Welfare reform

The public reports of strong arguments over welfare reform need some examination.

The welfare budget is different from most other government budgets for one good reason. Parts of it are “demand led” – if more people need unemployment or disability benefits they need to be paid. Other departmental budgets can be settled a year or more in advance, as you should know how many people you are going to employ and what you will pay them, and know roughly what your bill for bought in goods and services will be. So the arguments about the welfare budget are subject to the caveat that we could end up spending a lot less or a lot more , depending on demand.

In another sense it is also different. All sensible people want the welfare budget to fall sharply for the right reasons. We want more people to get jobs so they do not need unemployed benefits. We want fewer people to be in need of disability or long term sickness benefit. We would like pensioners to retire with savings and good second pensions.

So the argument about welfare reform is what magic combination of rules and spending would help get more people off welfare into work. What incentives would encourage more people to make provision for their future? Solving it requires low taxes on saving and working as well as fair but realistic benefit rules.

Both the Treasury and Work and Pensions have good points in their arguments. DWP says they need to spend to save. If, for example, they pay more by way of in work benefit to make it more worthwhile to work, we might find more people took jobs and saved the state some money overall. If they could adjust benefits so that it was always more worthwhile to work than to stay at home we might make better inroads into the 5 million plus of working age living on benefits entirely.

The Treasury replies by saying the problem with spend to save is the spend is certain and comes first. The saving may not materialise. They might prefer the Clinton approach – the way to make it more worthwhile to work is to do what Clinton did and withdraw benefits from people who can get a job so they have no choice but to take it.

In the UK we combine a progressive tax system with a progressive means tested benefit system. This results in people at the lower end of the income scale facing high combined rates of tax and benefit withdrawal. All the time we have means tested benefits there is a choice between two ways of handling the problem which are less than ideal. Either you have a few people facing very high combined tax and benefit withdrawal rates, or you have a lot of people facing quite high combined rates. If you withdraw means tested benefits quickly it means a high rate and fewer people.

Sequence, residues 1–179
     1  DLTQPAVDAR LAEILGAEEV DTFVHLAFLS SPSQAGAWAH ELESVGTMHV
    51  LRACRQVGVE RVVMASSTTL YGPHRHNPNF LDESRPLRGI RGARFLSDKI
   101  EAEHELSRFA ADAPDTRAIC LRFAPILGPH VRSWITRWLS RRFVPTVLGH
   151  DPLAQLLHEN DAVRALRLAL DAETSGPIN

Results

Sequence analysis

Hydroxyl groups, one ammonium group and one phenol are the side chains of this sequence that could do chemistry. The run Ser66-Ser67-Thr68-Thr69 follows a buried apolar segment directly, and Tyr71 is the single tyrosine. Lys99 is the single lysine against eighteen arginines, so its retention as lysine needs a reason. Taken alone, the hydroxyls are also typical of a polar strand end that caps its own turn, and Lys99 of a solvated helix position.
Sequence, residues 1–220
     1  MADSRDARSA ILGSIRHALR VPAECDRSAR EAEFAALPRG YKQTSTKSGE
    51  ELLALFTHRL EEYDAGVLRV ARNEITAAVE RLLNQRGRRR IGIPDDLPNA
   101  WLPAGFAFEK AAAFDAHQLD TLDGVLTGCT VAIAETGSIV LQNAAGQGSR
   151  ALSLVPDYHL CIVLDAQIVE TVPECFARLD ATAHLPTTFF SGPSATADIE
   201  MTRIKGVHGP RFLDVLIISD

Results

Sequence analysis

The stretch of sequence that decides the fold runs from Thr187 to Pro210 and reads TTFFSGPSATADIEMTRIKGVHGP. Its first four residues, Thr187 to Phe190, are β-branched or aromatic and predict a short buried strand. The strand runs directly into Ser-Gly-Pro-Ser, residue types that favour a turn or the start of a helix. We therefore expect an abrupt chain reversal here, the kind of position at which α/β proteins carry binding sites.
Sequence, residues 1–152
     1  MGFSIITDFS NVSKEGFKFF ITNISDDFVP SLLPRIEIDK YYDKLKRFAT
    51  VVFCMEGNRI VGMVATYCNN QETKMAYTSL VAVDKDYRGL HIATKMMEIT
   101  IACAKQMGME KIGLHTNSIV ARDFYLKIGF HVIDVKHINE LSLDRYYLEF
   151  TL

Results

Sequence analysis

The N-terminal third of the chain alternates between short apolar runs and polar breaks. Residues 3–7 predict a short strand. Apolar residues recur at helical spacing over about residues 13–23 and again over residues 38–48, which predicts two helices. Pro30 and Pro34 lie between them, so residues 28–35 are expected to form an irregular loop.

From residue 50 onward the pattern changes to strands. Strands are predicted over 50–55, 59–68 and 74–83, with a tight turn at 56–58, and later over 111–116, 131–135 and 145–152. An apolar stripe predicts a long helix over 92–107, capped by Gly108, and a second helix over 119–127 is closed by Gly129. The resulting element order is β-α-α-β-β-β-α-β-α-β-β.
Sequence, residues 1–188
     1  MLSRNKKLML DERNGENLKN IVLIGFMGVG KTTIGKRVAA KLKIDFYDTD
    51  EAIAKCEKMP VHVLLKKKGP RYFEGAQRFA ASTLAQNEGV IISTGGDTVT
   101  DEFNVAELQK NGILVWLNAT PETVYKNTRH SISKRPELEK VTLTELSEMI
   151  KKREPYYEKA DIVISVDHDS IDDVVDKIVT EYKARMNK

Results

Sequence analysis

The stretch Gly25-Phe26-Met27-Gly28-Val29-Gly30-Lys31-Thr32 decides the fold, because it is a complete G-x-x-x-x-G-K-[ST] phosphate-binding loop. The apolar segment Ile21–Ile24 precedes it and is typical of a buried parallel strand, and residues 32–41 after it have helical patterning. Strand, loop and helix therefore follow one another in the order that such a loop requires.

This is ground for natural compromise. The Treasury can bring to the agreement proposals which toughen the regime for anyone who could get a job or is offered a job. DWP can bring proposals which make it more worthwhile for more people to work rather than staying on full benefit. The spend to save element of the package could be tightly monitored, week by week, to ensure savings do materialise. If they do not the formula shouild be amended or the system changed.

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22 Comments

  1. Kevin Peat
    Posted September 14, 2010 at 11:05 am | Permalink

    The system whereby a teenager deliberately becomes a single mum and qualifies for a fully appointed house – and then her mates on seeing the sense of doing it get themselves pregnant – needs to be stopped forthwith.

    There are also massive abuses of disability allowance by able people. And then there is the assumption by politicians that people earning between 25-50k are rich and can take more taxation when, in fact, they often have less disposable income and time than the never-employeds around them.

    The argument for the 'need' for mass immigration is also skewed to the left by the out-of-kilter benefits system.

  2. Mark
    Posted September 14, 2010 at 11:47 am | Permalink

    There was an interesting discussion of NEETS at Carswell's blog here:
    http://www.talkcarswell.com/show.aspx?id=1571

    Some simple population arithmetic allows us to know how many will emerge from education in search of a job or benefits, and how many will displace those in jobs to seek benefits adding to the population via the immigration channel (well, maybe once we have that under control). We also know how many will add to benefits claims as pensioners. The government can decide on the numbers in its employ. Employment in the private sector depends on the economic environment, including the regulations that surround the process of employment, and those that impinge on businesses in other ways.